Testicular pain is treated with over-the-counter acetaminophen or ibuprofen; in the event of swelling, an ice pack may be applied to the scrotum. In cases of severe pain, the physician may recommend antibiotics, pain medications or surgery, depending on the underlying cause of the pain, according to Healthline contributors.
Most cases of testicular pain do not require medical care and may be effectively treated at home. In addition to over-the-counter pain relievers, rest and support should be provided for the scrotum area; an athletic cup or rolled towel provides excellent support when the patient is laying down. In addition to ice therapy, warm baths may also provide temporary relief from pain, explains Healthline.
Patients are advised to seek immediate medical attention in cases of severe testicular pain, symptoms that radiate to the abdomen or when pain is accompanied by nausea, vomiting, painful urination or swelling to the scrotum, according to WebMD. An examination of the scrotum and testicles, blood and urine tests and ultrasound help to determine the source of the discomfort. Serious cases may require surgery to untwist the testicles or reduce fluid accumulation, according to Healthline.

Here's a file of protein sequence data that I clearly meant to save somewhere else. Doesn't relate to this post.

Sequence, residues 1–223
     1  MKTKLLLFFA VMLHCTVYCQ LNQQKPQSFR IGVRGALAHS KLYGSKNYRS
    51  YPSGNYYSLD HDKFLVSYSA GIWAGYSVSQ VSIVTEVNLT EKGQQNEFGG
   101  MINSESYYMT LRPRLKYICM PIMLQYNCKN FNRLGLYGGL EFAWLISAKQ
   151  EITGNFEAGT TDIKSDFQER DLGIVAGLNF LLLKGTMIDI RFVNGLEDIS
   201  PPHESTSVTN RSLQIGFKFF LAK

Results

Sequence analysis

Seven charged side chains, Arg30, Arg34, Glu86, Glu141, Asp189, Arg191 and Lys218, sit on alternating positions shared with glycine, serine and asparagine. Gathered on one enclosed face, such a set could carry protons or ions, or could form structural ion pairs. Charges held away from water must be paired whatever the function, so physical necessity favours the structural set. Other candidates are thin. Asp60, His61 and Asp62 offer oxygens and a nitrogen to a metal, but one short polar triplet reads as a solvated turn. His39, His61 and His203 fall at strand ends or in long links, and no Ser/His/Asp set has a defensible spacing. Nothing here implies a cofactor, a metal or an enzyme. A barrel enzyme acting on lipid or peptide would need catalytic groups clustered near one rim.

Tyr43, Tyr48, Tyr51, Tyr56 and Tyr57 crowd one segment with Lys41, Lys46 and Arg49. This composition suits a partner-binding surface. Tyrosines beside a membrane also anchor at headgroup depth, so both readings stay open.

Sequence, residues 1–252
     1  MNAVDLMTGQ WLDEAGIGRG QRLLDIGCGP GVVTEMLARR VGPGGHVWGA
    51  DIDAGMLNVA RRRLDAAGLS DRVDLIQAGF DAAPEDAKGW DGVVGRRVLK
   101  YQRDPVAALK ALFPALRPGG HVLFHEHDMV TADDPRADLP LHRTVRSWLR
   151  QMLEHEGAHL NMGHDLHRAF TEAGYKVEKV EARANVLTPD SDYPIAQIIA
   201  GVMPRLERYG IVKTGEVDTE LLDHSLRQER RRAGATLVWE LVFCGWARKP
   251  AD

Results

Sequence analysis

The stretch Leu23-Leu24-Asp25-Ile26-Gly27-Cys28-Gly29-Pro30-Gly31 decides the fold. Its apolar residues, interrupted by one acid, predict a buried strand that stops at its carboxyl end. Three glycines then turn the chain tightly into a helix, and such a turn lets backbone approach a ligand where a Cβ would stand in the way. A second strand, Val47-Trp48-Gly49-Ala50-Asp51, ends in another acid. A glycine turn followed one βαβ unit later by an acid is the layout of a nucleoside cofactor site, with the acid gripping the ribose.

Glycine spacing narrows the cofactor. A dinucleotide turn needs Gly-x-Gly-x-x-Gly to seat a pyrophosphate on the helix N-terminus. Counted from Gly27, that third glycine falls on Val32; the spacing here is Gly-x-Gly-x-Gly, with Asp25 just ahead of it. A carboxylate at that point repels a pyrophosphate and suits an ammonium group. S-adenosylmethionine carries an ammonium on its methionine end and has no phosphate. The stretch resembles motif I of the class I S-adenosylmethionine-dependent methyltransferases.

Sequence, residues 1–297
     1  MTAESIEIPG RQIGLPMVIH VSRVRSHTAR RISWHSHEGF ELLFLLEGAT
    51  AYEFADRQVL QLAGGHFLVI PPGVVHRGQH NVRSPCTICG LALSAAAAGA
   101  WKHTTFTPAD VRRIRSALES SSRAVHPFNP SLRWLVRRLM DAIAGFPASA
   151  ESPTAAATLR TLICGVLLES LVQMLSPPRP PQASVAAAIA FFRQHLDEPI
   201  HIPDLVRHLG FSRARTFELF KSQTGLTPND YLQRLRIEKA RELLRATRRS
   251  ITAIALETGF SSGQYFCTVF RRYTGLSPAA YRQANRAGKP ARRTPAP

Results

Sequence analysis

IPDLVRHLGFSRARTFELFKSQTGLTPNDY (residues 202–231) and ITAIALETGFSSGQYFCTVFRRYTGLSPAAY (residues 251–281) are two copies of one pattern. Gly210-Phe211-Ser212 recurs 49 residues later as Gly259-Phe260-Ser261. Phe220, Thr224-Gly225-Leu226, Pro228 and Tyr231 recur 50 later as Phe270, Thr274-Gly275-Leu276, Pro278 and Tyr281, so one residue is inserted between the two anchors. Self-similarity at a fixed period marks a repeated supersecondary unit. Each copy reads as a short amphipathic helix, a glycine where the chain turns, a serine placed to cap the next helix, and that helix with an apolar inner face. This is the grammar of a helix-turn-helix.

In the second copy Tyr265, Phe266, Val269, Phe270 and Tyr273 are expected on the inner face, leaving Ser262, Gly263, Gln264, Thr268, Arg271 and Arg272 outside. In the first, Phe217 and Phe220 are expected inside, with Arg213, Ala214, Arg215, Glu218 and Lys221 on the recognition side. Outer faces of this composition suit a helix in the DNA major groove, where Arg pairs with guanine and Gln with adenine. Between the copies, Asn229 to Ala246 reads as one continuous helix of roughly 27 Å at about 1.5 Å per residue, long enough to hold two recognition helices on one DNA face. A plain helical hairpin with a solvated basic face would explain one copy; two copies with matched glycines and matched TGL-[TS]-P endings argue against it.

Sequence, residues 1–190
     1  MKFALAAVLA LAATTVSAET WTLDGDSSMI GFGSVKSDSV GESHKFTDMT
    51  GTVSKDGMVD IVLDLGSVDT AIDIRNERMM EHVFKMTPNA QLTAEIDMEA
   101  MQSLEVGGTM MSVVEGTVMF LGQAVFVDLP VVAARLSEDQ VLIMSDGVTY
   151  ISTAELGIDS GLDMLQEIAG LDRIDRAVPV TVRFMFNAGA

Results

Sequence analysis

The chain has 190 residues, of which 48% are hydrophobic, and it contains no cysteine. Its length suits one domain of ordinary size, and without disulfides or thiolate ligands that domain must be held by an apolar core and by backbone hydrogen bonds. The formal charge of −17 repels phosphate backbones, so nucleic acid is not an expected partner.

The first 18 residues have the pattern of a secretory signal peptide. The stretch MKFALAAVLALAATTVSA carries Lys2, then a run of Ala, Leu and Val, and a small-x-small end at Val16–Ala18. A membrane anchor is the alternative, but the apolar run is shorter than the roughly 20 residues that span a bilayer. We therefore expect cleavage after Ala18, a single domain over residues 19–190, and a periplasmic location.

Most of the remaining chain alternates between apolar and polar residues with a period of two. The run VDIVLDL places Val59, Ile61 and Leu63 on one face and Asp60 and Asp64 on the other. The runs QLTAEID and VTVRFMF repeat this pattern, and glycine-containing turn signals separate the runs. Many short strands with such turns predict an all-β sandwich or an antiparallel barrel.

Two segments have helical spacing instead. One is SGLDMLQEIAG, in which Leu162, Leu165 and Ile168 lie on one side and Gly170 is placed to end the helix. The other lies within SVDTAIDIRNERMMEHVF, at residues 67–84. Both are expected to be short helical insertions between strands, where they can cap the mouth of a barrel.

Common causes of testicular pain include torsion of the testes, orchitis, epididymitis, prostatitis, kidney stones, mumps, chronic prostatis, chronis non-bacterial prostatis and polyarteritis nodosa, according to Healthline medical experts.